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Periodontal Flap Designs for Access and Osseous Surgery

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Abstract

In the sequence of treatment of the periodontal patient, surgical intervention may become necessary after completion of the nonsurgical phase. Periodontal surgical techniques aim to gain access to root surfaces for debridement and root planing and/or to remove soft and hard tissue structures to reestablish physiologic contours. Surgical techniques can be divided into resective, minimally resective, and non-resective techniques. Periodontal resective surgery includes removal of soft tissue, hard tissue, or a combination of both. Soft tissue resection includes gingivectomy, gingivoplasty, and distal wedge procedures. Moreover, combined soft and hard tissue resection procedures also aim to provide the restorative dentist to deliver biologically stable restorations that are compatible with a healthy periodontium. Periodontal minimally resective surgery includes two main flap designs that have been modified over the years to reflect changing perspectives and updated technology. Periodontal non-resective surgery includes flap designs to gain access to the roots and bony defects while maintaining the soft tissue. While periodontal surgical therapy allows for improved outcomes following nonsurgical therapy, cigarette smoking, inadequate oral hygiene, and poor maintenance compliance can all negatively influence outcomes. Decisions for flap design and concomitant bacterial biofilm control are individualized based on the patient’s needs and commitment to treatment for periodontal disease.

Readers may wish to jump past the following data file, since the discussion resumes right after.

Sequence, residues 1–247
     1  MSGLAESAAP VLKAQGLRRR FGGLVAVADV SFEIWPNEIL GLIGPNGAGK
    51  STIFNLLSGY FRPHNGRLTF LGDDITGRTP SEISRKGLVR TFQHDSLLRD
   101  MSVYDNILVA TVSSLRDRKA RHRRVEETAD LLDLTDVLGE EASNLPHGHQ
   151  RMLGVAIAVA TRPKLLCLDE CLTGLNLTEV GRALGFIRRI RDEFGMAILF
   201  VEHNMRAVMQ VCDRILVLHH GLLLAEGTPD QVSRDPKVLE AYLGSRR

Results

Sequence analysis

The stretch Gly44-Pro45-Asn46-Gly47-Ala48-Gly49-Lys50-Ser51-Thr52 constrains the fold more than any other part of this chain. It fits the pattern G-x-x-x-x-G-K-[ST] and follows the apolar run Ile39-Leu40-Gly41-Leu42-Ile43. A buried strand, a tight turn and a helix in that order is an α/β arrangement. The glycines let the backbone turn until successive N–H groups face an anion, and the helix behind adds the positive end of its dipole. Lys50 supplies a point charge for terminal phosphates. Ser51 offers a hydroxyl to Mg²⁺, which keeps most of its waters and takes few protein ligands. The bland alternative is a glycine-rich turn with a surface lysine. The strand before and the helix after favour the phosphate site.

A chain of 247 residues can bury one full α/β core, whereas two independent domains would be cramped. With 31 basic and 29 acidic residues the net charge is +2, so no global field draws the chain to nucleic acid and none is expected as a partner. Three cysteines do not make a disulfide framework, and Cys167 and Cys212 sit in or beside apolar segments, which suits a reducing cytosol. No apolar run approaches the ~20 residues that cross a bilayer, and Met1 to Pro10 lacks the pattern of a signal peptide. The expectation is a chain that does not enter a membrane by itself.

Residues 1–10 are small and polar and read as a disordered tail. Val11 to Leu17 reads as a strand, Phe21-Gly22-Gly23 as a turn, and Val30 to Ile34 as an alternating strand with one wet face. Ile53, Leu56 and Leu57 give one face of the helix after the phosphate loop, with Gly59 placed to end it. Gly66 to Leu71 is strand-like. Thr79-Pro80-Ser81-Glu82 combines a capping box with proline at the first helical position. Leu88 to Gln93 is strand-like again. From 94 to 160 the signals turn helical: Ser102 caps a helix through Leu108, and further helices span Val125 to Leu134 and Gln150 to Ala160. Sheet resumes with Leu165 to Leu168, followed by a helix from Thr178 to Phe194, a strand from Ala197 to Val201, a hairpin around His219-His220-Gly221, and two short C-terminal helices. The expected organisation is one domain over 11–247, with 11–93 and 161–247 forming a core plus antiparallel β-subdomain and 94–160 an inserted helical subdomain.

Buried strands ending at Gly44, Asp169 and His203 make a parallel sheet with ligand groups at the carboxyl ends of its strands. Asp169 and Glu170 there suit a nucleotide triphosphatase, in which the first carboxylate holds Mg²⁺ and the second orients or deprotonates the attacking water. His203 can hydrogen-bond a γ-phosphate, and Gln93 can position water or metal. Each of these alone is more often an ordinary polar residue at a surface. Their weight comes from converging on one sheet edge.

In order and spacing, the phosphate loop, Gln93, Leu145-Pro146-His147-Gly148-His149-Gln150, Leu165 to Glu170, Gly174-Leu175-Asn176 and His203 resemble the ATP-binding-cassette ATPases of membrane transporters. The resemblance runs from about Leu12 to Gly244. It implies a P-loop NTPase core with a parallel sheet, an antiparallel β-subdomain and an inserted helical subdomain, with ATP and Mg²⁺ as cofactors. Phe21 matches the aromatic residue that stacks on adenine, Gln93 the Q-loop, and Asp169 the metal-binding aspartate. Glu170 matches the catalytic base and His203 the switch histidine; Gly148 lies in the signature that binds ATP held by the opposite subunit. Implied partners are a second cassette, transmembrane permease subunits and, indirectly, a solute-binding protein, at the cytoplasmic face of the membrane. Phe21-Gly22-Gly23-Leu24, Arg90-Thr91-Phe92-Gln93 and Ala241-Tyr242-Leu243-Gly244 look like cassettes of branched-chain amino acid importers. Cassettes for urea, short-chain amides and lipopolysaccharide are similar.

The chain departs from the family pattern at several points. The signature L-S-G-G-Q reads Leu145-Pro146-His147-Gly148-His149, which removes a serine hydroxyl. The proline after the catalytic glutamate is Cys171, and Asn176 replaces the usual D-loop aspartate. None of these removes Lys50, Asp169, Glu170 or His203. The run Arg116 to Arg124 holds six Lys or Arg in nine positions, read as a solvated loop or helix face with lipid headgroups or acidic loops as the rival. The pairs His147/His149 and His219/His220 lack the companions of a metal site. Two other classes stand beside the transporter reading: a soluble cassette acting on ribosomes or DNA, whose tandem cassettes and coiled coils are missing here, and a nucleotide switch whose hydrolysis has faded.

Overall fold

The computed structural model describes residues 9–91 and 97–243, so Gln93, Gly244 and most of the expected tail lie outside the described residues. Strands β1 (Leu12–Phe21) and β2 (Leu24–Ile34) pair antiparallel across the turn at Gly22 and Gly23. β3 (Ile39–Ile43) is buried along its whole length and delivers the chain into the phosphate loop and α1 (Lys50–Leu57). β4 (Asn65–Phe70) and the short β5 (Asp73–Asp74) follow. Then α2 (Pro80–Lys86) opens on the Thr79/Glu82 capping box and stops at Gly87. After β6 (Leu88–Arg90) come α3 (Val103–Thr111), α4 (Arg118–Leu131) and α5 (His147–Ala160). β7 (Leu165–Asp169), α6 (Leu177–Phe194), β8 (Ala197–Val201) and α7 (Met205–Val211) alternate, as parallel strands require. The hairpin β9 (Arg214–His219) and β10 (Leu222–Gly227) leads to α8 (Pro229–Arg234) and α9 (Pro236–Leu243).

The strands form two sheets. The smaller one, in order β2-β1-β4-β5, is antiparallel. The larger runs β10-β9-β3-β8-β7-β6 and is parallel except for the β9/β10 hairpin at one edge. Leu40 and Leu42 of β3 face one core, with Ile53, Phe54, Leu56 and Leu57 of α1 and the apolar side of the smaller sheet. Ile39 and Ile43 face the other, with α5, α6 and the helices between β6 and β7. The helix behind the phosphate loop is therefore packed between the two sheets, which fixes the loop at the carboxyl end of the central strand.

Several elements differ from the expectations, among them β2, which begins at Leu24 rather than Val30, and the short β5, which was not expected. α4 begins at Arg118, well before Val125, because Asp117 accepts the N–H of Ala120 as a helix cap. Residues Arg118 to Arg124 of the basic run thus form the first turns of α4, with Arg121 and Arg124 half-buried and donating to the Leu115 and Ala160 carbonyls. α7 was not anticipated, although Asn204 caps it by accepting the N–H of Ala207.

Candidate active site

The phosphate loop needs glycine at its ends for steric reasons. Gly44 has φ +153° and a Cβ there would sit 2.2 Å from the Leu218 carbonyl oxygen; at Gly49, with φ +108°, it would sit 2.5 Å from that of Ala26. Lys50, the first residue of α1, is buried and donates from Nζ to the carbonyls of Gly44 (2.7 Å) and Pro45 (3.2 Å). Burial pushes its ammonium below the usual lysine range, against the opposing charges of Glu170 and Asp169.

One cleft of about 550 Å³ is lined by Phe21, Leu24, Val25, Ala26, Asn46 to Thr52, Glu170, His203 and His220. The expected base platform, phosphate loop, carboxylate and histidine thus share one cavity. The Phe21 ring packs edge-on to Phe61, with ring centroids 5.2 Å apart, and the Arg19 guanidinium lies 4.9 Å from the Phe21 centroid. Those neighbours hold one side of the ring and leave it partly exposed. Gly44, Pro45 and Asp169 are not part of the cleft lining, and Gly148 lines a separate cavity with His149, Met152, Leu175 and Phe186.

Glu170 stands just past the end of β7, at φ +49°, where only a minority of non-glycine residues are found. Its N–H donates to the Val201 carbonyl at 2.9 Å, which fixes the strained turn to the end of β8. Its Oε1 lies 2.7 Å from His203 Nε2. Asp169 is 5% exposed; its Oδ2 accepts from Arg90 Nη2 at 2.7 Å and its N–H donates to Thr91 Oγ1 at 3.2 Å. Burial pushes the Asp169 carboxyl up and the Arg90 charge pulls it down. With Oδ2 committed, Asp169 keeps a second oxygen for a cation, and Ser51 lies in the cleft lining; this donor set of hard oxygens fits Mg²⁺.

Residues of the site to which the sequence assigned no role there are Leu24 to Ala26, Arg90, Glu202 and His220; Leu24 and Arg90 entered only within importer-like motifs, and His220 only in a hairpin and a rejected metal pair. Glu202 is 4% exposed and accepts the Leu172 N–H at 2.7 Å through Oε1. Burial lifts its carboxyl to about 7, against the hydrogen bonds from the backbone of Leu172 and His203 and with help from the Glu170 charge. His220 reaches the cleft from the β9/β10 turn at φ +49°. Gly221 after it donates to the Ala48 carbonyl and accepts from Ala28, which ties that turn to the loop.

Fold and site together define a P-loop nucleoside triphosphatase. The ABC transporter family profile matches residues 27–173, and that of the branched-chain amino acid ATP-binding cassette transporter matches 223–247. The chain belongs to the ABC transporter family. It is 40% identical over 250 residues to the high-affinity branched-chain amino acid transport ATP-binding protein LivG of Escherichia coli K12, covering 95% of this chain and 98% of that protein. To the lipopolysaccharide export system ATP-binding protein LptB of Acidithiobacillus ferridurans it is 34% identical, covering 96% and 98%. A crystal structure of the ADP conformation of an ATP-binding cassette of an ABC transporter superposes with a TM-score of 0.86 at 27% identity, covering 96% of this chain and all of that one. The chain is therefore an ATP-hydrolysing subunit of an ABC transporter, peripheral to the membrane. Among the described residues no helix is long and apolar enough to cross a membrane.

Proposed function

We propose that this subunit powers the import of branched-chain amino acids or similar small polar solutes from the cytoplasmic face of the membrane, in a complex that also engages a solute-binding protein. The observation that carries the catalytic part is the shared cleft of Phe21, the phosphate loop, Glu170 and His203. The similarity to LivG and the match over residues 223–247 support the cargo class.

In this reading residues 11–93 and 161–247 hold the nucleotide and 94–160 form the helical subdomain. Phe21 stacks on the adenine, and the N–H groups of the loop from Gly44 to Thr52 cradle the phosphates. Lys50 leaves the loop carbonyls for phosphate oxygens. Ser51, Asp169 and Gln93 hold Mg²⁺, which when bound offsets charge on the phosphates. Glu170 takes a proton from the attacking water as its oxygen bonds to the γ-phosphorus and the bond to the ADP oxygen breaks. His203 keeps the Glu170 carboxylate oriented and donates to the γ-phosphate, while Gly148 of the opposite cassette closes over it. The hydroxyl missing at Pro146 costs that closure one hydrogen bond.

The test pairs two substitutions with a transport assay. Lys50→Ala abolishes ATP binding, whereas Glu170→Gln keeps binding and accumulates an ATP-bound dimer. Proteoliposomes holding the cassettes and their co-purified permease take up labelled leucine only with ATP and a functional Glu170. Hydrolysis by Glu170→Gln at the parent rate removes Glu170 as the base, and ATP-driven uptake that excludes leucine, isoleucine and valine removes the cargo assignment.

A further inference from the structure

Keywords

Periodontal disease Flap surgery Resective surgery Osseous surgery 

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Copyright information

© Springer Nature Switzerland AG 2020

Authors and Affiliations

  1. 1.Department of PeriodontologyUniversity of North Carolina at Chapel HillChapel HillUSA

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